“We don’t have the answers to these questions. But I hope that as a community we can begin to understand the questions and define the answers.”

Broken phone image via Shutterstock
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UNICEF Wants to Use Your CPU to Mine Monero to Raise Funds for Children


UNICEF Australia, an organization that is dedicated to humanitarian aid for disadvantaged children, is shining the spotlight on a good cause while simultaneously seizing an opportunity for an added revenue stream through cryptocurrency mining.

The agency has launched The HopePage, which is designed to use the CPUs of local website visitors to perform cryptocurrency mining, which is the power-intensive process of solving complex equations to create more digital currencies like bitcoin. By donating their computing power to mine the cryptocurrency — in this case it’s reportedly Monero — website visitors are “automatically generating funds for UNICEF Australia.” As of Monday, there were nearly 2,000 people participating.

The HopePage

Funds generated by cryptocurrency mining are then directed toward helping UNICEF to both protect the rights and save the lives of children, which resembles the social impact that blockchain veterans had in mind when they developed the technology.

“We wanted to leverage new emerging technologies to raise awareness about current humanitarian crises and raise funds to support children caught up in them. The HopePage allows Australians to provide help and hope to vulnerable children by simply opening the page while they are online,” according to UNICEF Australia’s Jennifer Tierney quoted in reports.

The HopePage asks for user permission to use a browser’s processing power in the cryptocurrency mining process, which is a courtesy that was lost on some companies that attempted to secretly generate profits from browser-fueled digital currency mining. Meanwhile, earlier this month, Google banned cryptocurrency mining programs from its Chrome Web Store.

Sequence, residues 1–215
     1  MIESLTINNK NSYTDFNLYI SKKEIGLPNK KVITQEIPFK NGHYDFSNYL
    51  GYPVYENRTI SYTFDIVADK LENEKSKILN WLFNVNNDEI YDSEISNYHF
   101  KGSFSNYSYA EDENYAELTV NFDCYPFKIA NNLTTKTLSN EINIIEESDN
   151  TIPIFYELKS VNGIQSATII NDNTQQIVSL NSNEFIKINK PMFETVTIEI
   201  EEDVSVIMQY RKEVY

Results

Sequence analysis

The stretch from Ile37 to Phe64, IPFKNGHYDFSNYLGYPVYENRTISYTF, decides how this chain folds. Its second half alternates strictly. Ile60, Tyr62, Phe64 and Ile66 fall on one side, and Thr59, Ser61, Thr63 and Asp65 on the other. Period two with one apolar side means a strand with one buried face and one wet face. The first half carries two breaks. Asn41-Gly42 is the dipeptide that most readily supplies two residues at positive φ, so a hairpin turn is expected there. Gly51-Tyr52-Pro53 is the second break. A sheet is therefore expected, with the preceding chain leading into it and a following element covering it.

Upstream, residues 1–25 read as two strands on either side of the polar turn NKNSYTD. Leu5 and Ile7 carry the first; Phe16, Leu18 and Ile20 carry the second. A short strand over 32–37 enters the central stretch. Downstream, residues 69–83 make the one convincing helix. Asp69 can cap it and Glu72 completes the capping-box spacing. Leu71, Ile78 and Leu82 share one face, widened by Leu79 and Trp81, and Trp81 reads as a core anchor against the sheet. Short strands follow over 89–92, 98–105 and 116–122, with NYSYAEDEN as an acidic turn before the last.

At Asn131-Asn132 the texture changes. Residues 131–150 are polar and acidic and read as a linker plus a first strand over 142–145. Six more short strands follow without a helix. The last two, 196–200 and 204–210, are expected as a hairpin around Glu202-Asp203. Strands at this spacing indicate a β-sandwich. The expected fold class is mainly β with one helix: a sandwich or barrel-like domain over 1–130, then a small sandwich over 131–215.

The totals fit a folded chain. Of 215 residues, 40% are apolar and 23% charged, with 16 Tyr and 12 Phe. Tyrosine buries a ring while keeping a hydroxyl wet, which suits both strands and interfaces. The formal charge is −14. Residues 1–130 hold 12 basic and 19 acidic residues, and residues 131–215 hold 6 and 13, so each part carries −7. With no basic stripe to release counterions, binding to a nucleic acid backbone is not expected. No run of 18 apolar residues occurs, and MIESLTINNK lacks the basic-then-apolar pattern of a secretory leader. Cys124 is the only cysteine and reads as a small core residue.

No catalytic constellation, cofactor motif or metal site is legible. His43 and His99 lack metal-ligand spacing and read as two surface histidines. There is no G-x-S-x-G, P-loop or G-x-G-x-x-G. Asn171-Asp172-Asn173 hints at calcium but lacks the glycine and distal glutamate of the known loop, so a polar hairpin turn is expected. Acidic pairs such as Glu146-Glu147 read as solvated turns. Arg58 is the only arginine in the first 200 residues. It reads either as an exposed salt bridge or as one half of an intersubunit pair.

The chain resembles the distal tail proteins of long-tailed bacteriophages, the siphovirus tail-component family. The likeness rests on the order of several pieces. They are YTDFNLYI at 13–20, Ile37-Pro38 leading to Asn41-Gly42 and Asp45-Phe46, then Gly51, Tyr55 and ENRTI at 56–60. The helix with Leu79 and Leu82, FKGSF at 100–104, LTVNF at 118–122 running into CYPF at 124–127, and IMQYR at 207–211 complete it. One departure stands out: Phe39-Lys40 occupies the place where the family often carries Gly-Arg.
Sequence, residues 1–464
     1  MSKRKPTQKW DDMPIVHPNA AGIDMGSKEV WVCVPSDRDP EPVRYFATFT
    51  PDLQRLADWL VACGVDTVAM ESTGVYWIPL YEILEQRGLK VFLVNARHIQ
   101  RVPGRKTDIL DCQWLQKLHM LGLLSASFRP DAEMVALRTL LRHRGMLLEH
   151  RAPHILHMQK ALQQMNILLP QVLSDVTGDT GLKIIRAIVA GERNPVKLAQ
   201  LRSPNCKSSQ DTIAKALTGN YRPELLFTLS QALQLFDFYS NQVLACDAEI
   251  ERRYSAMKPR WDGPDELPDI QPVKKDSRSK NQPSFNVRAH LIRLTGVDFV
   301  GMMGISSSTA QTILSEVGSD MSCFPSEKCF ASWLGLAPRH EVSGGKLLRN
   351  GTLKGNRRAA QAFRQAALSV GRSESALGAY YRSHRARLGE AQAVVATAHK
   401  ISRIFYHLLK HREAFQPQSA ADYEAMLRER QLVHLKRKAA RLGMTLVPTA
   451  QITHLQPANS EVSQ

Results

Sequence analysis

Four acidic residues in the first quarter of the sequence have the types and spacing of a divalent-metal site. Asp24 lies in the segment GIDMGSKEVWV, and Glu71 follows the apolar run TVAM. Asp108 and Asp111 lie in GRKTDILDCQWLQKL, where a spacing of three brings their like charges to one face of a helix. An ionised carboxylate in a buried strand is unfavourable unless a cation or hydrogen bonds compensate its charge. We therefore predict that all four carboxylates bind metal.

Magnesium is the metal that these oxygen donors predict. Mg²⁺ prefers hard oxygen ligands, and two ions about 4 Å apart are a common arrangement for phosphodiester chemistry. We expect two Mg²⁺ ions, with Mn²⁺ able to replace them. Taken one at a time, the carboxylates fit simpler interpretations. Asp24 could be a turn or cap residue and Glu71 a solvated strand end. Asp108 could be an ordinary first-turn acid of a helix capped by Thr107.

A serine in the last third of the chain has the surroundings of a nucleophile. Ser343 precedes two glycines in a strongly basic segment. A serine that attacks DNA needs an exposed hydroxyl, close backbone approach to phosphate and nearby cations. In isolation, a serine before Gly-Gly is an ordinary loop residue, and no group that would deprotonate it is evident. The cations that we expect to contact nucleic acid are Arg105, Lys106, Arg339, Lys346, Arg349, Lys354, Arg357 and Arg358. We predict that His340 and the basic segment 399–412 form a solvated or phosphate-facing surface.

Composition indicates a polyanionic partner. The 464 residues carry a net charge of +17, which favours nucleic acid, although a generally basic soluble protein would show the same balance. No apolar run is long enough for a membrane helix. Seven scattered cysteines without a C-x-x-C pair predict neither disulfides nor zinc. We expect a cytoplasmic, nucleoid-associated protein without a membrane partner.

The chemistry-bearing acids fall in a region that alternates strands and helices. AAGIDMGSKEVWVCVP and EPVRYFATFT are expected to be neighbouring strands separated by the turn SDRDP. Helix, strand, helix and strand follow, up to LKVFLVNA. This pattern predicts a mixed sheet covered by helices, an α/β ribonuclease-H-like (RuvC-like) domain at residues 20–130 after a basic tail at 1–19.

Donating Cryptocurrencies

Think of visiting The HopePage as another way of donating, as the revenue generated from the creation of more digital currencies is used to support UNICEF Australia’s mission. It’s unclear if any tax receipts will be sent for those donations, however.

UNICEF Australia assures its visitors that “mining is perfectly safe for your computer.” Besides, donating doesn’t mean relinquishing total control to UNICEF Australia. Visitors can limit the amount of processing power they want to be directed toward cryptocurrency mining, which in addition to the length of time that they stay on the site determines how many algorithms are solved and ultimately how much gets donated.

The humanitarian organization says the cryptocurrencies that are created from the mining process are then converted into “real funds” that make their way to the needy children in the form of “safe water, therapeutic foods and vaccines.” UNICEF Australia is all in, suggesting that people make The HopePage their home page so that they can continually support the organization.

While UNICEF Australia claims to be the first charity to be engaging in cryptocurrency mining, it could catch on like wildfire, especially considering the global influence that UNICEF as an organization has. According to reports, UNICEF Australia is “hoping to raise thousands.”

Featured Image from Shutterstock
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Bitcoin frenzy settles down as big players muscle into market


A worldwide wave of regulation has led to a collapse in trading volumes. Cryptocurrency advertisements are disappearing from top internet pages, and bitcoin no longer dominates Google searches.

As investors try to figure out what bitcoin wants to be when it grows up, the best-known cryptocurrency is going through somewhat of an existential crisis.

“It needs a new narrative,” said Nicholas Colas, New York-based founder of investment research firm DataTrek. “There is every chance that if there is some sort of institutional involvement, there could be a move higher.” Bitcoin rallied 25 per cent in April after crashing 70pc from a high near $20,000 late last year.